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1776 S. Naperville Road, Building B, Suite 202,
Wheaton, IL 60189
The Stogsdill Law Firm, P.C.

wheaton divorce lawyerDividing marital property is often one of the most difficult issues an Illinois couple must resolve in their divorce. Deciding what to do with shared assets is not easy, especially when asset division involves complex or valuable real estate. Real estate can be of great sentimental value to one or both spouses and when a couple fails to successfully negotiate an asset division settlement themselves and a court intervenes, the results may be deeply dissatisfying. If you are getting divorced and wondering whether a judge has the authority to divide real estate or require property to be sold in order to satisfy a court-ordered divorce decree, read on. 

Marital vs. Personal Property

Illinois is an equitable division state, meaning that marital property is divided fairly rather than 50/50. Determining what is marital property is usually fairly straightforward. Assets acquired during a marriage are marital property; anything owned by one spouse before the marriage remains personal property. Gifts and inheritances usually remain the personal property of the spouse to whom they were given. While for most couples separating personal and marital real estate is not an issue, the process can be complicated by actions like asset commingling or adding a spouse’s name to a real estate title. 

Can a Judge Force Me to Sell My Property? 

Ideally, divorcing couples will create a property division agreement that satisfies both parties. However, spouses may have to divide the value of jointly owned property in such a way that requires the property to be sold; sometimes there is no other way to make up a spouse’s value in other marital assets. Other times, judges will award an entire piece of real estate to just one spouse and make up for its value by giving the other spouse marital assets of similar value. Judges do have the authority to require spouses to sell real estate, but a good attorney can often help a divorcing couple create a property division agreement that helps them avoid unsatisfactory decisions by a judge. 

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wheaton divorce lawyerEngagement rings are often one of the first major purchases someone makes as part of a committed relationship, and, after a marriage, a wedding ring may remain among the most valuable pieces of property in a home for many years to come. In addition to their sentimental value, people can spend many thousands of dollars on engagement rings and wedding bands; there may understandably be some concern about what happens to wedding and engagement rings in an Illinois divorce when marital property must be divided.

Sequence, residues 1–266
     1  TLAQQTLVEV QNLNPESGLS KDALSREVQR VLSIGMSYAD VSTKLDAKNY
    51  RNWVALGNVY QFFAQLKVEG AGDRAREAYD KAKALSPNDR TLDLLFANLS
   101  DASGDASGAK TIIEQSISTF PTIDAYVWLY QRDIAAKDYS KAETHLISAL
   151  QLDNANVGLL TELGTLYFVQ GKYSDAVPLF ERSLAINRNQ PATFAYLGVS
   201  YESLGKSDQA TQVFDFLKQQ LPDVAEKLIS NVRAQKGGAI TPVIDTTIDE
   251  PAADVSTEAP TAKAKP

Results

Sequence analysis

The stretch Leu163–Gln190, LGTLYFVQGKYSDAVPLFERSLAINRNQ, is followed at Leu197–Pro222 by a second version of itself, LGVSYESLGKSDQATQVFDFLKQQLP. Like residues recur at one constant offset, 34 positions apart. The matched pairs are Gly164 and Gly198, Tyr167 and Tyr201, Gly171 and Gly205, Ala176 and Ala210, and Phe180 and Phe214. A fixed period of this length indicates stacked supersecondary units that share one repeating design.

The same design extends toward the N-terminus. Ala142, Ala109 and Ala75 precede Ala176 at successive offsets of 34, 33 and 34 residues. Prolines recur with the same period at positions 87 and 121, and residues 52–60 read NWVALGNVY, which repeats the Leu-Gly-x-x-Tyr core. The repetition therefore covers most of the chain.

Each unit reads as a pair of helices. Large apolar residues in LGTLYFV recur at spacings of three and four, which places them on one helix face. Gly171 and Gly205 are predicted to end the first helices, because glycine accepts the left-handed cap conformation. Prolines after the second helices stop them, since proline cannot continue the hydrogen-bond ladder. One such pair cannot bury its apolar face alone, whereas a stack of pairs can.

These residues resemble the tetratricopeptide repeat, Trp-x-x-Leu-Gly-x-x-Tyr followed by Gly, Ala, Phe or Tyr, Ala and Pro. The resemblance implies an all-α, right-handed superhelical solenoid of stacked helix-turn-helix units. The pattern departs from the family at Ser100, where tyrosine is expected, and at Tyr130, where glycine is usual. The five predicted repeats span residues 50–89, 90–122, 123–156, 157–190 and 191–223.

Is an Engagement Ring Marital Property? 

The first step in dividing a couple’s property during divorce is determining what property is actually subject to division. Couples were individuals with their own belongings before they were married, and although most property acquired during a marriage is considered marital property, certain categories are exempt. These factors make dividing marital property more difficult than it may seem at first glance. 

One of the most important categories of personal property that is not divisible in a divorce is that of gifts - objects either spouse received as a gift intended exclusively for that spouse generally remain the personal property of the spouse to which the gift was given. Engagement rings are generally considered a gift in exchange for the promise of marriage. While a broken-off engagement can require an engagement ring to be given back, once a couple is married, the promise of marriage is fulfilled; the engagement ring becomes, and remains, the personal property of the spouse who wears it. For these reasons, in a divorce both engagement rings and wedding rings are considered personal property of the spouse to whom they were given and are not subject to division. 

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wheaton child custody lawyerAs Illinois law has changed to allow families more flexibility in how they manage parenting time and parental responsibilities (formerly known as custody and visitation, respectively), certain issues remain difficult to negotiate because of their unchangeable nature. One such issue is dealing with parenting schedules for an infant who is still breastfeeding.